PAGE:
A requiem for dead as Himachal Pradesh cemeteries to be restored

Reviving culture

At Oakover cemetery, the oldest British era cemetery in this erstwhile’ summer capital of British India that was opened in 1828.

Seventeen out of the 20-odd graves have simply vanished. Faded epitaphs, damaged tombstones and moss-covered graves are the condition of other cemeteries located in Dharamsala, Kasauli, Dalhousie, Dharampur, Dagshai and Subathu, the once British-dominated settlements in Himachal Pradesh. Now the Britain-based British Association for Cemeteries in South Asia (BACSA) is ready to support the restoration of Christian cemeteries that lie in a sad condition.

Raja Bhasin, a Shimla-based writer-cum-historian who has compiled a book “The Churches and Christian Cemeteries of Himachal Pradesh” for the state tourism department, said the Oakover cemetery, which was closed for burial in 1841, has only three graves with inscriptions. “The rest are either damaged or encroached upon,” he said. The condition of three other British cemeteries in Shimla - Kanlog, Sanjauli and the nun’s cemetery in Navbahar - is also bad. “There is no trace of the town’s fifth cemetery.

It was located somewhere below the old bus stand. The entire cemetery has been gobbled up by slumdwellers,” he said.

Honorary secretary,BACSA, Rosie Llewellyn-Jones said: “We are particularly sad about the condition of the Shimla cemeteries because, as you know, this was the seat of the British government during the summer months. We have worked on the restoration of some cemeteries in India with INTACH (Indian National Trust for Art and Cultural Heritage), but have not previously been involved with the Himachal Pradesh government, except to provide information on the Shimla cemeteries,” she said.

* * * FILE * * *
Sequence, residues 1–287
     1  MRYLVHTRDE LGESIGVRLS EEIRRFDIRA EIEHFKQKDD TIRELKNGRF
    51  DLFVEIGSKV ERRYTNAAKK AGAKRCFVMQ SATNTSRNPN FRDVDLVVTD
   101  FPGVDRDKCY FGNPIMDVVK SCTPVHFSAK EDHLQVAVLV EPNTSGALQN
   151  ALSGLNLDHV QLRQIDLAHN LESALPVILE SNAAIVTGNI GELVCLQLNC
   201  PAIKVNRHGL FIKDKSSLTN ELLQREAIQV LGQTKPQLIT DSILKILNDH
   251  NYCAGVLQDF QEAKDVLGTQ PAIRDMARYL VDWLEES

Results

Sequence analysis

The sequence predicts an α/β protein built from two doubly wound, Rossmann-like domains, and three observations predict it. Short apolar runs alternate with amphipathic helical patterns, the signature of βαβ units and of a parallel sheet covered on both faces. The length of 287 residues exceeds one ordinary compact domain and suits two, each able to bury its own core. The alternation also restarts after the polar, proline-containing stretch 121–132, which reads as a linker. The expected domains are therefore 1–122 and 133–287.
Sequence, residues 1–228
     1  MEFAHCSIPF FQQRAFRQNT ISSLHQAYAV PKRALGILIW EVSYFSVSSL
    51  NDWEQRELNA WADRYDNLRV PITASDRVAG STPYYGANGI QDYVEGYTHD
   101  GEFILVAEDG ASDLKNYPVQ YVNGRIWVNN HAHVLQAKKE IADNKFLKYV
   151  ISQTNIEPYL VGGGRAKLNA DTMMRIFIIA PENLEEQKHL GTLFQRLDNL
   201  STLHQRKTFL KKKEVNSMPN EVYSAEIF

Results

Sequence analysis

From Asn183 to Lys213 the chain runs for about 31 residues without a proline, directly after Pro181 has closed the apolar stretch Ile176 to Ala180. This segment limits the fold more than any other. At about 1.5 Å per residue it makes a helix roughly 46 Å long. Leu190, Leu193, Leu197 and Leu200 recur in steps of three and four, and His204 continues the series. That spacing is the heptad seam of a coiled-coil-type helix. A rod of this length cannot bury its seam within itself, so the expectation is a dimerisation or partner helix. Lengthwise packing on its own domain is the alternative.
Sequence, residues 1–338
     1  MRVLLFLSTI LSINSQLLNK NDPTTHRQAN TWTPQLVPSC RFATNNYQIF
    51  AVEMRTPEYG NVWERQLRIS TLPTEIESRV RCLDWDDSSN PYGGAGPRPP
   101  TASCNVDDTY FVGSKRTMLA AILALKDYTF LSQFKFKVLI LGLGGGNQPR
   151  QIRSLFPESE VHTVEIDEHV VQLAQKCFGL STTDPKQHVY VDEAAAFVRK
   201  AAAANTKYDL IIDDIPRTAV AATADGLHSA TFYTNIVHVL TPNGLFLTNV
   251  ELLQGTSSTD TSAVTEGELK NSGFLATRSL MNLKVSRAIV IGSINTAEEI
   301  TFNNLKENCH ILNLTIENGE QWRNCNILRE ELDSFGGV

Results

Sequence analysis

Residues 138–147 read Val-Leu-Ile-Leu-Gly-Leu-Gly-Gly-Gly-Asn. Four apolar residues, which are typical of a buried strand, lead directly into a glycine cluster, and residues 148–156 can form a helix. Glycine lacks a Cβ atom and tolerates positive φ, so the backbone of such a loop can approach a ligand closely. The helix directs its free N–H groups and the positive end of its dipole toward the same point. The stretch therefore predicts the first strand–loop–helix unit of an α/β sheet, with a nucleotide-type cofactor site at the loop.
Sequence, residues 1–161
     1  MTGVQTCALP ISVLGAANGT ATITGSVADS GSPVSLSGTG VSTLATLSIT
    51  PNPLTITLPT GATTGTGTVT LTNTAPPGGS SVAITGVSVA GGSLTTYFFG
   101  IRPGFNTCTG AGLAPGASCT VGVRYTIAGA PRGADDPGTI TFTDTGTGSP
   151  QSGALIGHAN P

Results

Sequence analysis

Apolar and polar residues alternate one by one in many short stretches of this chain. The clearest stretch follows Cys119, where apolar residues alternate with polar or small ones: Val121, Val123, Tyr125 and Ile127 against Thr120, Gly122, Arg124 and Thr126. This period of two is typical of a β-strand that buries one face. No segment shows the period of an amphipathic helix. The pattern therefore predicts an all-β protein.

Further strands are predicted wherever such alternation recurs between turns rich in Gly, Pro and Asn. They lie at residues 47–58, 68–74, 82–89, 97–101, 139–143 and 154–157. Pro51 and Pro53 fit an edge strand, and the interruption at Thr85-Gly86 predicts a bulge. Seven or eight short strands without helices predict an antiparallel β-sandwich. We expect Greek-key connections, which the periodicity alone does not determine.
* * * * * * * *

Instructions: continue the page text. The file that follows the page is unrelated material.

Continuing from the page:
But she said BACSA is keen to restore and preserve the cemeteries in the hill state. “We are more than willing to support reliable local people with restoration. We believe that if there is local involvement, then the cemeteries have a much better chance of survival,” Jones added. Many towns still attract descendants of British Raj officials who are eager to know about their roots. “The cemeteries have really fallen on bad days. Moss is eating into the remains of the graves. Seeing faded epitaphs and missing gravestones is really distressful,” he said. Tourism Director Arun Sharma said, “On the demand of Christian associations and bodies, we provided a grant of over Rs 50 lakh last year for restoration of historical British churches, including the St John’s Church in McLeodganj in upper Dharamsala”.

“He said the tourists, mainly foreigners, who visit the cemeteries have been complaining about the deteriorating condition of graveyards. Even BACSA has expressed concern over these.The department is keen to provide funds for restoring British graveyards.

There are 23 prominent cemeteries in the state. Some of them are two centuries old. One of the oldest burial grounds in the state is at Subathu, 65 km from here. It houses most of the graves of British army officers and men who were killed during the war with the Gurkhas in 1814.

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